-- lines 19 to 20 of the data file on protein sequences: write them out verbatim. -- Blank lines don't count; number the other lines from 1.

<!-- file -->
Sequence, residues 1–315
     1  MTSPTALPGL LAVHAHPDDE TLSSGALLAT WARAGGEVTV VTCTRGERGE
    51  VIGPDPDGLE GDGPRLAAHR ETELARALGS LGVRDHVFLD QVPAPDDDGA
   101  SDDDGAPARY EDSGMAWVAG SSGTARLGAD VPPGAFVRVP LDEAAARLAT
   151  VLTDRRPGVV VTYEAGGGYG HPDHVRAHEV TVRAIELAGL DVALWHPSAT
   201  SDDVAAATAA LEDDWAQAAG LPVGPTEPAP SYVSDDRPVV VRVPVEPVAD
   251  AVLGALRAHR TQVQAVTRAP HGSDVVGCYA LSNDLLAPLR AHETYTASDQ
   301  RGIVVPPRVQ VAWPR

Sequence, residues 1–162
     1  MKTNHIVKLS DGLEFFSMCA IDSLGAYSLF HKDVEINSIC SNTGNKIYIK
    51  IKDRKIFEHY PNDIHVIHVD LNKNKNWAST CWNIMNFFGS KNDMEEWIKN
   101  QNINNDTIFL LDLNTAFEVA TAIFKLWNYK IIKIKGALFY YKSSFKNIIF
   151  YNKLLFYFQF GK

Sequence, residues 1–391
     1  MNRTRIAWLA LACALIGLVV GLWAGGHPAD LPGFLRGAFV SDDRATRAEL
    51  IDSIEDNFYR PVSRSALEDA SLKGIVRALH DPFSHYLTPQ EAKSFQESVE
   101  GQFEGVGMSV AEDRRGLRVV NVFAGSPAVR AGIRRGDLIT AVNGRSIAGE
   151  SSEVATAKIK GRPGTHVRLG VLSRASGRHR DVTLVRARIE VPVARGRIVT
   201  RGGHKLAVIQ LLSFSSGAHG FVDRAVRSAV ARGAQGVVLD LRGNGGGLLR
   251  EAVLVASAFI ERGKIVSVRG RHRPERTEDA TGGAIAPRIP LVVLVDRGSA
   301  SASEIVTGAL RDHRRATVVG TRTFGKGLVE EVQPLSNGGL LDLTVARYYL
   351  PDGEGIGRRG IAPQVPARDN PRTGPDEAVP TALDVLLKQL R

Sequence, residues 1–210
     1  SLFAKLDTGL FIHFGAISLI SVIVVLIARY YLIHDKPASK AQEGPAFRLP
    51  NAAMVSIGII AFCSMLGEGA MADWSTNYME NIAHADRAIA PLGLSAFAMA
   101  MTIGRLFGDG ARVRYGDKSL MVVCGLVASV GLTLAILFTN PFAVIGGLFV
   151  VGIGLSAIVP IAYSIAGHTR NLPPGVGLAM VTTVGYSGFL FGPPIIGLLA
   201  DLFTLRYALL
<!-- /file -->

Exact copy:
   201  RGGHKLAVIQ LLSFSSGAHG FVDRAVRSAV ARGAQGVVLD LRGNGGGLLR
   251  EAVLVASAFI ERGKIVSVRG RHRPERTEDA TGGAIAPRIP LVVLVDRGSA